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Almost two months after the explosion that rocked the Lebanese capital on 4 August, the situation in the country remains critical. In addition to the serious humanitarian crisis, Lebanon continues to face a political crisis as Lebanon’s prime minister-designate announced his resignation on 26 September after failing to form a non-partisan cabinet. This is further compounded by a severe financial crisis with the loss of 80 per cent of its currency value since October 2019.Meanwhile, restoring shelters, rehabilitating infrastructure, securing food and protecting lives remain humanitarian response priorities, especially in view of the approaching winter. Interventions are also focusing on comprehensive and affordable primary healthcare and mental health and psychosocial support services.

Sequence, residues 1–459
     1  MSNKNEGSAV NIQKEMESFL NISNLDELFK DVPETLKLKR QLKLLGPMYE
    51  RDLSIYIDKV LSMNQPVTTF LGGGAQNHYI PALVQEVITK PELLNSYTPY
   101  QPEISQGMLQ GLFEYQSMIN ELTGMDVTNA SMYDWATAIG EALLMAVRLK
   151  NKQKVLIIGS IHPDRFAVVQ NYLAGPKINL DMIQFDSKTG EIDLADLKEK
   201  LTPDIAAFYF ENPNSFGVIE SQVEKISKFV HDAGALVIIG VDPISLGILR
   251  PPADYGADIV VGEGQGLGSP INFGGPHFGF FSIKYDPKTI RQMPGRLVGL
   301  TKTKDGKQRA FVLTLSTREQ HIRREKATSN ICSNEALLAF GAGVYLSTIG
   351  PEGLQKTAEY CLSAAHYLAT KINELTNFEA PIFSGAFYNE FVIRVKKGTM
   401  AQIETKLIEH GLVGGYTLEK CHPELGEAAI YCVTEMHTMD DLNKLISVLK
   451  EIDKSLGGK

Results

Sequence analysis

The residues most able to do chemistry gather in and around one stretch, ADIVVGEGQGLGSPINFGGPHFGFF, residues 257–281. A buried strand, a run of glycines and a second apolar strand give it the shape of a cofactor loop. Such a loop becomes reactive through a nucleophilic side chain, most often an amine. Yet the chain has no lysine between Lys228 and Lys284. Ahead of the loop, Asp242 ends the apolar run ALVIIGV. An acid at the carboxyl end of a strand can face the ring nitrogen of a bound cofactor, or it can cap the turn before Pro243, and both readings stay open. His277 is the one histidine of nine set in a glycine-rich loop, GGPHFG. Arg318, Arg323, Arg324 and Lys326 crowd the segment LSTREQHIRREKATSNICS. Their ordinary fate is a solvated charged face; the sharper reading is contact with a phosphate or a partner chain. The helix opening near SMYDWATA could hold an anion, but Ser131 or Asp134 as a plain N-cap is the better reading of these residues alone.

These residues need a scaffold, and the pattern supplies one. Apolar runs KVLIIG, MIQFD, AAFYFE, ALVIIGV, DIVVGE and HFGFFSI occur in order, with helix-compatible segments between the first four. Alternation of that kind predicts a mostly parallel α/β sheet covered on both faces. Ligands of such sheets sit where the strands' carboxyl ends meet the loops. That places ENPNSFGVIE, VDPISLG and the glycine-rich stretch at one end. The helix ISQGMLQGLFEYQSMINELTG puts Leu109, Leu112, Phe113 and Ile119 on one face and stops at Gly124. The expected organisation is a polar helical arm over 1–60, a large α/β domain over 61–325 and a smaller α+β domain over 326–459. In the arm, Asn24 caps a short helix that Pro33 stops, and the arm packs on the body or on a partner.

According to the Multi-Sector Needs Assessment (MSNA September 2020), poor households, particularly refugees, migrants, people with special needs and female-led households, are the most in need of basic requirements, such as food and healthcare, and they have less access to essential services. In addition, the majority of households caring for members with special needs (e.g. chronic illness, disability) reported not being able to afford healthcare. The Migrant Worker Vulnerability Baseline Assessment found that 34 per cent of surveyed migrant workers reported family members were suffering from psychological consequences (shock, anxiety) from the explosion, and were unable to attend to their daily tasks.